Bitcoin is losing altitude on Monday after reaching a fresh record high of $58,332 during the early Asian hours.
The top cryptocurrency by market value is trading below $54,000 at press time, representing a 5% drop on the day, according to CoinDesk 20 data.
The pullback could be extended further, as the recent rally looked overstretched, according to David Lifchitz, CIO for Paris-based quantitative trading firm ExoAlpha.
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“A 15% correction could happen, taking some steam out of the hot market, before reaching new highs,” Lifchitz told CoinDesk. “The more upward parabolic and fast a move, the more fragile it is, so a pullback would be more than welcome.”
Indeed, bitcoin has seen a staggering price rally over the past four months, rising from $10,000 to nearly $60,000, with just one bull market correction in the second half of January.
The recent rise from $30,000 to $58,000 was even steeper, so a healthy cooling off of the market looks overdue – more so, as several technical analysis tools, including the widely tracked relative strength index (RSI), are signaling overstretched conditions with an above-70 reading.
“Technical indicators such as the RSI and Stochastics across numerous chart timeframes are indicating that the crypto asset is overbought, implying that we could soon see a retracement,” Simon Peters, an analyst at eToro, said in an email.
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Peters also pointed to a bearish divergence on the technical chart, while warning of weakening upward momentum and potential for trend reversal that could see prices fall.
The MACD histogram, an indicator used to gauge trend strength and trend changes, has produced lower highs, contradicting higher highs on the price chart, confirming the bearish divergence.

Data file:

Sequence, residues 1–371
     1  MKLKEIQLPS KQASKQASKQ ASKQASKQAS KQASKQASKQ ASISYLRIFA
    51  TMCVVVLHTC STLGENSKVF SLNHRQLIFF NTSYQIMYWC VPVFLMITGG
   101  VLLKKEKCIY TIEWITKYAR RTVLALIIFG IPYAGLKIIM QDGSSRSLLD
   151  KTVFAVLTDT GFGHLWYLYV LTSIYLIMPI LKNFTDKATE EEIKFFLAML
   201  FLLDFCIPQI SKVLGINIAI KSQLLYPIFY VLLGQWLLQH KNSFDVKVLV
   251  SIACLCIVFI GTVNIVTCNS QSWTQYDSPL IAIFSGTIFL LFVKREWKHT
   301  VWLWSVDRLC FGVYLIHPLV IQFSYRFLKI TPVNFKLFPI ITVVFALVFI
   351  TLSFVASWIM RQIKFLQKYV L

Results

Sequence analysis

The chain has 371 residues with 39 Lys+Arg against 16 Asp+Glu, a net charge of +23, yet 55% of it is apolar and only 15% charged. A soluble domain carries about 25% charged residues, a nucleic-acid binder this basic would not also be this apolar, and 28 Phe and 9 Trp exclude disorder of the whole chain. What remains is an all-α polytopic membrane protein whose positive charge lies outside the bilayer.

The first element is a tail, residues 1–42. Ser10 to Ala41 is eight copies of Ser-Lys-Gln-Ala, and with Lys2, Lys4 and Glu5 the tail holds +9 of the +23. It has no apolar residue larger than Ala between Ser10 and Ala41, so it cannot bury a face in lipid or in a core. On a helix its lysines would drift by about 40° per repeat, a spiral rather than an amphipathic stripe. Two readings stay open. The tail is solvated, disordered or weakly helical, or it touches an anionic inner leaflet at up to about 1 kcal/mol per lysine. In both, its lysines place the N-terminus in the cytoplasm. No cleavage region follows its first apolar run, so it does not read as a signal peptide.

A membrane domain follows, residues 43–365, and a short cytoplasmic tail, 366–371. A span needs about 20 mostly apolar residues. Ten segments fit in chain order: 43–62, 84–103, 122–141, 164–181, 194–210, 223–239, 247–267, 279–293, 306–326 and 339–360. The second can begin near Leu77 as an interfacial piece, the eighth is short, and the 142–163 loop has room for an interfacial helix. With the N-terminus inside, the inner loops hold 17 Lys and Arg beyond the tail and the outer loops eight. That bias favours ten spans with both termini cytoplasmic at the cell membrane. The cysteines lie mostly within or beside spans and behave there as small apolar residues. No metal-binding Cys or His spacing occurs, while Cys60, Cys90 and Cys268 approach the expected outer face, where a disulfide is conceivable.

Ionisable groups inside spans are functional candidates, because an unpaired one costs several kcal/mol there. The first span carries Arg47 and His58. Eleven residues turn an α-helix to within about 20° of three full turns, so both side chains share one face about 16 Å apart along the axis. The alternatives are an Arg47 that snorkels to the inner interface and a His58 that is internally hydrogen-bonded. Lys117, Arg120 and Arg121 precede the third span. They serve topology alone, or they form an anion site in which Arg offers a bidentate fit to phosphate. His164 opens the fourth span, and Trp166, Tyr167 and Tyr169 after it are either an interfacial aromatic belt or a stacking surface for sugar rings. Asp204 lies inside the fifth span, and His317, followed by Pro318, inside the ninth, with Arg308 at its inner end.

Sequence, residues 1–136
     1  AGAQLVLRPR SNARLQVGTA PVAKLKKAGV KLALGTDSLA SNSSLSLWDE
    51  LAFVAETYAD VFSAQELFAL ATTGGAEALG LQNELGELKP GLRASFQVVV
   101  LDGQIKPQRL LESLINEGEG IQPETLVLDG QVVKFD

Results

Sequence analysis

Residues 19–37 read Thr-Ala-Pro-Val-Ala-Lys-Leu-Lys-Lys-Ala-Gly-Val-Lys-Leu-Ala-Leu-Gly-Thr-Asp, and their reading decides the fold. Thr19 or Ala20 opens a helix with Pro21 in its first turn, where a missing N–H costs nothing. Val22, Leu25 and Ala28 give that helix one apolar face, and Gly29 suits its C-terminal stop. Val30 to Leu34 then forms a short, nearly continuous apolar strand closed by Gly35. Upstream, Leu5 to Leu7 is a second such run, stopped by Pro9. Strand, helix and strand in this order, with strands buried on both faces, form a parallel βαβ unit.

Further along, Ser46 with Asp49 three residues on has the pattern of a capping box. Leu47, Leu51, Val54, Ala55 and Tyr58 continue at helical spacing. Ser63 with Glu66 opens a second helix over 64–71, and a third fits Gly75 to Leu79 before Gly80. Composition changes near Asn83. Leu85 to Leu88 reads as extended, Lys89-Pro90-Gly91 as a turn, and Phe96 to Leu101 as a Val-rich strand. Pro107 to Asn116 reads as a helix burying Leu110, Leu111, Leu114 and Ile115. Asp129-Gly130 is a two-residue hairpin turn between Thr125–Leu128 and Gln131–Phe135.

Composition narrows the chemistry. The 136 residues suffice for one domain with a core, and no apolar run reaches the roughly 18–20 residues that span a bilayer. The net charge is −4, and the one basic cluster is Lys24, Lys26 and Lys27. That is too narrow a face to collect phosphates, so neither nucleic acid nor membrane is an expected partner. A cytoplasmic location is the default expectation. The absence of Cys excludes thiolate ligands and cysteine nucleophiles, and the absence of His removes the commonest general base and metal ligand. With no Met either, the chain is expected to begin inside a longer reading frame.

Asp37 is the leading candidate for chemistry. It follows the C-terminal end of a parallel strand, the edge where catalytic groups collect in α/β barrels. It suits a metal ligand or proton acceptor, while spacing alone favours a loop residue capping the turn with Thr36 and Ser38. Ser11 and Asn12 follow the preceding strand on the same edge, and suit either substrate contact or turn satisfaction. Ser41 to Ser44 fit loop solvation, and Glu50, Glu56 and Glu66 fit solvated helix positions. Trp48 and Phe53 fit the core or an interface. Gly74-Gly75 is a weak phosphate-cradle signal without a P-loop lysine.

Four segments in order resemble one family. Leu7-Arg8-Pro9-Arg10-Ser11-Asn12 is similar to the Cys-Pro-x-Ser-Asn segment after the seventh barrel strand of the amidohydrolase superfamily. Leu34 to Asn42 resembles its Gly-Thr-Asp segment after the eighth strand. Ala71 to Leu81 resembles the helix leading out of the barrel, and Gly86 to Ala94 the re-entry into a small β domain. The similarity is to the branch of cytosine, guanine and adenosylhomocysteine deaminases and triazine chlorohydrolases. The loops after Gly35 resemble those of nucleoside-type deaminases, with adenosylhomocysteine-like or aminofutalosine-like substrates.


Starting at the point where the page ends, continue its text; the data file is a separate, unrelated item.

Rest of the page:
Supporting the case for a price pullback are rising U.S. inflation-adjusted bond yields, as discussed last week.
The 30-year inflation-adjusted yield, or real yield, has turned positive for the first time since June 2020, and the 10-year real yield has risen to -0.80% from lows near -1.05% observed last month, according to data provided by the U.S. Treasury.
A continued rise in yields could push the U.S. dollar higher, putting selling pressure on equities and bitcoin. Stock markets are trading down at press time, with the S&P 500 futures nursing a 0.6% drop on the day.
How low might bitcoin go?
“The pullback can easily extend to the former resistance-turned-support near $42,000,” Joel Kruger, currency strategist at LMAX Digital, told CoinDesk. Markets typically shake out weak bulls with a drop to former hurdle-turned-support levels before extending bull runs.
Bitcoin turned lower from its then-record high of $41,962 on Jan. 8, establishing that level as crucial resistance and slipped to $30,000 in the following days. The newfound resistance was a scaled on Feb. 8 after electric maker Tesla announced its $1.5 billion bitcoin purchase.
Crypto analysts expect other corporates to emulate Tesla’s decision to buy bitcoin. However, they may look to invest on price pullbacks, according to Lifchitz.
“$50,000 looks like the first stop for a mild pullback, but a second leg down could take it down to $40,000, while the $30,000 zone looks like the ultimate bottom should things turn ugly in the short term,” Lifchitz said.
However, Patrick Heusser, head of trading at Swiss-based Crypto Finance AG, said $52,000 is major support, adding that a significant correction may remain elusive, as the derivatives market is no longer exhibiting excess bullishness.
Bitcoin’s average funding rate, or the cost of holding long positions in the perpetual futures listed on major exchanges, declined (normalized) below 0.08% early today, having peaked at multi-month highs above 0.12% last week, according to Glassnode data.
While analysts stand divided on possible magnitude of an impending correction, they expect the cryptocurrency to eventually go on to achieve new record highs above $60,000.
“We believe markets are displaying a healthy correction,” Dibb said. “Both BTC and ETH are still trading within an upward channel, and momentum is still skewed towards the bids.”